Hold onto your butts everyone because we’re back with a stellar lineup of talks about dinosaur dentition, post-prison consultation, and lake sonar mapping on November 20th. Fun fact: on this same day in 1889, Edwin Hubble was born. Hubble contributed to the Hubble-Lamaitre Law that implies that the universe is expanding (EXPANDING INTO WHAT screams Kaylee) and discovered that all those clouds of space dust were actually galaxies past the Milky Way. And while Hubble has a NASA telescope named after him, and his birthdate is listed in “Celebrity Birthdays on November 20th”, someone who receives far less attention (and who is not famously known as an asshole) is Henrietta Leavitt. Leavitt has been described as “the woman who gave us a universal ruler” and whose work was foundational to Hubble’s discovery of galaxies. While working as one of many data-crunching “computers” at Harvard University, she also used star brightness and variability of that brightness to determine a star’s distance from earth. It’s her observation and calculations which allowed us to convert our view of the night sky from 2D to 3D. So, this Nerd Nite, let’s raise a glass (or two) to a woman whose work was largely overlooked, learn about other novel work being done across disciplines, and take an extra moment or two to look up at the stars.
Hosted by: Kaylee Byers and Michael Unger
When: Wednesday November 20th; Doors @ 7, show starts @ 7:30
Poster by: Armin Mortazavi
Music by: DJ Birthday
Beyond the Shallows: Bathymetric Mapping in the Sea to Sky
Dr. Steve Quane
When visiting some of the most spectacular places in the Sea to Sky region, modern Instagram culture tends to both figuratively and literally stop near the water’s edge. The local, blue and green glacial lakes are transfixing in their surficial beauty, inviting thought and contemplation about the natural spaces they comprise. Nonetheless, many hikers at these magical geological places find themselves battling overcrowded parking lots and hiking many kilometers on overwhelmed, trash-littered trails, only to snap a picture on an over-photographed log before scurrying back to phone service to hit “share” on their post-worthy adventure. Certainly, these lakes must posses something deeper and more meaningful beneath the surface? I will present my work on sonar mapping the bathymetry of a few local celebrity lakes and perhaps over-pontificate on whether a deeper understanding of the natural world can help us curate a local landscape under siege.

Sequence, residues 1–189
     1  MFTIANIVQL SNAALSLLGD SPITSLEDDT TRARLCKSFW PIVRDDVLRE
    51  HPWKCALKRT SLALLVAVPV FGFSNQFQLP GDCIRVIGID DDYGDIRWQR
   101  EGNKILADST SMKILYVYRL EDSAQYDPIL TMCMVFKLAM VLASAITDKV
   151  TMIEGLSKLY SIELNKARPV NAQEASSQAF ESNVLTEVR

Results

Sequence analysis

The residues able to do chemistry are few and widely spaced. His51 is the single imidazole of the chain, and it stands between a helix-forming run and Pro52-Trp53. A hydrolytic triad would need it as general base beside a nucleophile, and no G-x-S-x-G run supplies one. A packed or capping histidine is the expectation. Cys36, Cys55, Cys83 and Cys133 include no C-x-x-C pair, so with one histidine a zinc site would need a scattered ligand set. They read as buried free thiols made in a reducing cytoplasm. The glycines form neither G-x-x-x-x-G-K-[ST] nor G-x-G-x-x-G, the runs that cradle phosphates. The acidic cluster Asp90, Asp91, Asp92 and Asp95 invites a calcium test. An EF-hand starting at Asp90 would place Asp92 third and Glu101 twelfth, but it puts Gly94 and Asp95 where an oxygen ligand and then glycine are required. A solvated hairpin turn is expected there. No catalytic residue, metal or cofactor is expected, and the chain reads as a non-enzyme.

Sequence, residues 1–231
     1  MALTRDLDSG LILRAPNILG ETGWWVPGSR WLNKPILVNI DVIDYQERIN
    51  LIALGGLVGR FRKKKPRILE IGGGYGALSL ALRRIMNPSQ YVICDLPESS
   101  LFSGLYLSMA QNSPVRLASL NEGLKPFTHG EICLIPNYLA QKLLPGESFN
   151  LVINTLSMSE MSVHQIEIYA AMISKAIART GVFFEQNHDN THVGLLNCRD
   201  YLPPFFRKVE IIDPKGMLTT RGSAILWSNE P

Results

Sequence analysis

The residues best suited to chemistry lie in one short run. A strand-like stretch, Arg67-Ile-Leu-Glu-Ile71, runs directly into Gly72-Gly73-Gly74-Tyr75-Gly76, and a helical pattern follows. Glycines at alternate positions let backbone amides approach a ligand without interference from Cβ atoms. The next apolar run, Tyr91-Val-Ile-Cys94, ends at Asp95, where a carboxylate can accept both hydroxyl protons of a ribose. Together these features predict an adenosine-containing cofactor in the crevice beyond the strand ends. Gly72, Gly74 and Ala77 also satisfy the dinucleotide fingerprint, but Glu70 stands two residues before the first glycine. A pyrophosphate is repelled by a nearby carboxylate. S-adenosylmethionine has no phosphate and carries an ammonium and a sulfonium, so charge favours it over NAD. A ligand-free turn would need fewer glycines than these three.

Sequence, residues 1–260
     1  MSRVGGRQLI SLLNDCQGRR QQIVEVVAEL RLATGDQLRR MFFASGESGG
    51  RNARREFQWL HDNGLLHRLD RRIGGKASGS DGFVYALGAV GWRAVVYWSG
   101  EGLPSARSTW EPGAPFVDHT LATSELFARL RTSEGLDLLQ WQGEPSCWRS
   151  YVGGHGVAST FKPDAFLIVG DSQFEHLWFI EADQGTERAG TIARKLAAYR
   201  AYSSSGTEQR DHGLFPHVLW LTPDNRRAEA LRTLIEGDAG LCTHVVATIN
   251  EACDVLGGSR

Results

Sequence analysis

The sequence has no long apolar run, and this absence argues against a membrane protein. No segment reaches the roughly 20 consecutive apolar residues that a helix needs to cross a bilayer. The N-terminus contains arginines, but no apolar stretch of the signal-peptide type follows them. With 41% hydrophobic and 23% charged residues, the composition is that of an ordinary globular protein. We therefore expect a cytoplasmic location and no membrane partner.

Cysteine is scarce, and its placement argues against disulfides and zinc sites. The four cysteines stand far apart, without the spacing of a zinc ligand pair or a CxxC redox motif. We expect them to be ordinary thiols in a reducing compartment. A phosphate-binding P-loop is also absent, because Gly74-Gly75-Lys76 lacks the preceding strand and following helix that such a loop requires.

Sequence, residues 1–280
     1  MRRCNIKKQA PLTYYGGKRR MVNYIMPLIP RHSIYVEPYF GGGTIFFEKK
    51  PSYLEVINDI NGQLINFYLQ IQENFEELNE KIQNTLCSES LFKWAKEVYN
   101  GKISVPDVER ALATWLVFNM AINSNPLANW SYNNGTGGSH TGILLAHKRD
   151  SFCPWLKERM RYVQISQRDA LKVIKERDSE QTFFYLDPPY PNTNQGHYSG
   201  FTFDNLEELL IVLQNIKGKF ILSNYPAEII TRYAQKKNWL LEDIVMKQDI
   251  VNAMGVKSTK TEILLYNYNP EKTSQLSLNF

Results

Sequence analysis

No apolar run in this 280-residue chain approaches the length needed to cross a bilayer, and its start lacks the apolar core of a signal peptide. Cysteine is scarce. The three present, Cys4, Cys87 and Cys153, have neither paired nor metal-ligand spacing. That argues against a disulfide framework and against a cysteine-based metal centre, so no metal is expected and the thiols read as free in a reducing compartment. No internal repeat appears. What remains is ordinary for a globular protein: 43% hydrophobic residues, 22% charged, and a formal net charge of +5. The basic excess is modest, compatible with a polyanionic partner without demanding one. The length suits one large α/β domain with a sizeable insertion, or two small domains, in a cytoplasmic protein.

Bio: Steve has a PhD from the University of British Columbia where he studied experimental volcanology. After a three-year teaching gig at Colorado College, Steve washed up as a Geology Professor at Quest University in Squamish. An avid volcano enthusiast, Steve has been researching the formation of and resulting natural hazards created by the stunning glacio-volcanic landscapes in the Sea to Sky region. He is also a founding member of the Sea to Sky Fire and Ice GeoPark Steering Committee. Steve will likely be the only local running the trails towards, and skiing the slopes of, Mt. Garibaldi during its next eruption.
Dr. Kirsten Brink
One of the most impressive features of dinosaurs are their vicious-looking teeth. In this presentation, Kirstin blends together her knowledge of the fossil record of dinosaurs and her current research in dentistry to address the age-old question: Did dinosaurs get dental cavities? Join her on a journey to understand how we interpret dinosaur diets from fossil remains, how dinosaur teeth compare to human teeth, and the importance of flossing.
Bio: Kirstin received her PhD in vertebrate palaeontology from the University of Toronto. She is currently working as a Banting Postdoctoral Fellow in the Faculty of Dentistry at UBC, studying the evolution and development of lizard teeth. When not in the lab, you can find Kirstin holding a glass of wine or holding binoculars and staring at birds.
Experts Behind Bars: What Former Prisoners Can Teach Us About the Future of Work
Dr. Ray Hsu
When I first learned about former prisoners becoming consultants for white collar criminals who were entering prison, I had been teaching writing in prisons for the better part of three years. I was also on the verge of becoming a professor and I was already having doubt about the role of the university in a grander scheme of things. And I wasn’t alone: on online communities where academics gathered, I was noticing people abuzz about consulting as a path beyond academia. As more and more people flee the constraints of organizations–academic, corporate, institutional–the more the ranks of “consultants” grow.
In this talk, I argue that “consulting” is an emergent and rapidly growing category that is both legible and within reach for conceptual weaponization against the prison–university–industrial complex. What, I ask, can post-prison consulting teach us about the nature of expert knowledge labour beyond institutions and the potential for a class consciousness that is both enabled by capitalism and, potentially, aimed to “disrupt” it?
Bio: Dr. Ray Hsu is cofounder of Foxlab (foxlab.ca), where empowers consultants to build out their expertise into expert businesses. He is also author of two award-winning books of poetry and served as Faculty Supervisor of the UBC Emerging Media Lab, where he worked on virtual reality, augmented reality and mixed reality. He has taught creative practice at the Banff Centre, SFU’s The Writers Studio, UBC’s Creative Writing program, as well as in a United States prison, where he taught for the better part of three years.